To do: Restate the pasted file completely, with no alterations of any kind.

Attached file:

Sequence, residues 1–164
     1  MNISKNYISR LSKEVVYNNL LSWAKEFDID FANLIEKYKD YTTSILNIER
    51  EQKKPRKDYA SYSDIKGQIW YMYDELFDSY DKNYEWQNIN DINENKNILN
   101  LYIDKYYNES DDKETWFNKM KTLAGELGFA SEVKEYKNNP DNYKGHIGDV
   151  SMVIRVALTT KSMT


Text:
Sequence, residues 1–164
     1  MNISKNYISR LSKEVVYNNL LSWAKEFDID FANLIEKYKD YTTSILNIER
    51  EQKKPRKDYA SYSDIKGQIW YMYDELFDSY DKNYEWQNIN DINENKNILN
   101  LYIDKYYNES DDKETWFNKM KTLAGELGFA SEVKEYKNNP DNYKGHIGDV
   151  SMVIRVALTT KSMT